Seriously?

 

 

By Deb DeArmond

When I travel, I take my seat on the plane and quickly bury my face in a book or magazine. It’s my “I’m not interested in conversation” signal. When you talk for a living, striking up a 3 hour discussion between Dallas and Omaha is not really very appealing. I will usually sneak in a quick “hello” or a smile over the top of my book, just to assure that I’m not creepy. Just choosing silence.

I broke that rule recently. Turned out to be an aggravating choice.

The young woman who sat down in the center seat beside me smiled as she settled in. In her hand, she clutched a book whose author was familiar. I had attended a conference the previous three days for Christian writers. Could be, I thought. So I broke my self-imposed, no conversation regulation.

“Did you attend a writer’s conference here this weekend by any chance?” I inquired.

“Yes. I did,” her reply. Another question or two confirmed my guess that we had indeed been at the same gathering.

“What do you write?” she asked.

We talked about recently released book about the relationship between mothers-in-law and daughters-in-law.

She sat forward a bit. “I don’t have a bad relationship with my mother-in-law, but it’s not close. It’s okay, though. My husband’s not close to her either,” she added quickly. “We’re both really close to my mom and dad. We live about a mile apart, so that’s really great.”

Uh huh, I thought. For your folks it’s great.

She went on to explain that her husband’s parents were older than hers by about 10 years. “And my mother-in-law is just not very, uh, smart. She doesn’t enjoy reading so she just knows what other people tell her or what she sees in the headlines of the Enquirer at the grocery store.”

I began wishing I hadn’t opened this particular can of worms. I could feel my teeth grind a bit.

“She always acts as though she knows everything, but she doesn’t, cause you know, she just watches TV. And she’s such a worrier, she’s always got something new to be anxious about.”

“It must be difficult for her,” I offered. “To live with so much fear.”

“Yeah, I guess. But it’s her own choice.”

Ugh. Is it too late to change my seat? I thought. Where is the compassion? The mercy?

There seemed to be no awareness of the pain her MIL might be experiencing. Or the loneliness of a son who has made the choice to join his wife’s family and never look back. They live only 2 hours apart. “We don’t see them often,” she informed me. “It takes them at least 4 hours to make the drive. They’re just so slow.”

Without. A. Single. Clue. One of the  ten commandments given to Moses is to honor your parents. And when you marry, you inherit a second set. Lucky girl!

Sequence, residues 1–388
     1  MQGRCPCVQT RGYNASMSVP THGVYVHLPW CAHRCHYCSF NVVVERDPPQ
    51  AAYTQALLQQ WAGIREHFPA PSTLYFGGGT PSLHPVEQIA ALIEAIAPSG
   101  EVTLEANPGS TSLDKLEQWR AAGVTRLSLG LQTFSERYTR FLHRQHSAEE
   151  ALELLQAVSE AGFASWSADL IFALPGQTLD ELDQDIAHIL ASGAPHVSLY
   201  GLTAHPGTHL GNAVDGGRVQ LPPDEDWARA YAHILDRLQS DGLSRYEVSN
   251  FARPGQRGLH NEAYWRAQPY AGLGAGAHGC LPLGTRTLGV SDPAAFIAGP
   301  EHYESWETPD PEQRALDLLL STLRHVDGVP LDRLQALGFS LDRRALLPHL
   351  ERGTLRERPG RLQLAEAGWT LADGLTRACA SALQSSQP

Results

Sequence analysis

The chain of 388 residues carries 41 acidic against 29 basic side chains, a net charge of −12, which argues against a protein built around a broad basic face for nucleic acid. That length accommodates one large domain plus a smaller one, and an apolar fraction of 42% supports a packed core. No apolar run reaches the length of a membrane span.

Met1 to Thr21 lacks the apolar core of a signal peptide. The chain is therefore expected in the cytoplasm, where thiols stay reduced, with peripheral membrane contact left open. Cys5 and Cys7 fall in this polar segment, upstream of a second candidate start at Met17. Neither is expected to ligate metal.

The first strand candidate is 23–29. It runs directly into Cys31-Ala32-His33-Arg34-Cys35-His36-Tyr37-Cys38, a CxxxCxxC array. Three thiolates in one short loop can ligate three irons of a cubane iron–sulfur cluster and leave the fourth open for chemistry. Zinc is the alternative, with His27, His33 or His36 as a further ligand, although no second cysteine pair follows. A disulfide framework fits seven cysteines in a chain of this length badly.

I picked up my book and settled back into my seat. But I wasn’t reading. I was thinking about the principle in God’s Word that the world knows as “what goes around, comes around.”

Is she aware that she’s sowing a garden that will produce bitter fruit? She’ll be a mother one day. I wonder if she’s ready to reap the garden she’s planting?

Probably not.

8 Comments

  1. 3-10-2014

    Reading this post and your book has made me think differently about my MIL. We live 3,000plus miles away from her and I know she misses having us close by. -Hope this young gal will realize the error of her ways with her MIL. I am still working on mine. :0

    • 3-10-2014

      It’s all about holding the mirror up to ourselves. It’s so easy what SHE should do. God works on our hearts when we are wiling to own our stuff. Thanks for sharing!

  2. 3-10-2014

    I love your message to all women, young and old, and how important these relationships are. I love this story, because it could easily be mine or my daughter’s or daughter in law’s. It is a great reminder. Thanks Deb for all you do!

  3. 3-10-2014

    I read this and this is exactly how I am feeling now from my daughter in law..I have tried so hard to show love but nothing works and it hurts . My son doesnt see it. So I am just praying.

    • 3-10-2014

      Deborah – I’m so sorry you are feeling such pain. Love does work – God says it never fails. The tough part is having patience and let God choose the time and the approach. Keep praying for her and trust God for the results.

  4. 3-10-2014

    Deb, you make it so women can discuss the most difficult of all relationships. Love.

    • 3-10-2014

      Karen – it was one of my greatest desires when I wrote the book. We typically do not discuss these things. It’s a great starting point!

  5. 1-17-2015

    I just want to thank you so much for this post. I have been struggling as I would love to be closer to my daughter-in-law but there has always been a distance between us. I continue to pray that I may be an example of love, grace and respect to her and an encouragement to their marriage. She is a lover of the Lord Jesus Christ and this is all I ever prayed for my son, but I guess it hurts my heart that she has no desire to know me. I thank you for this topic because it is painful for me and I have shed many tears over our lack of relationship. I know God works all things out for our good so I continue to trust Him through all the changes!
    Again, thank you for addressing a topic that is rarely discussed.

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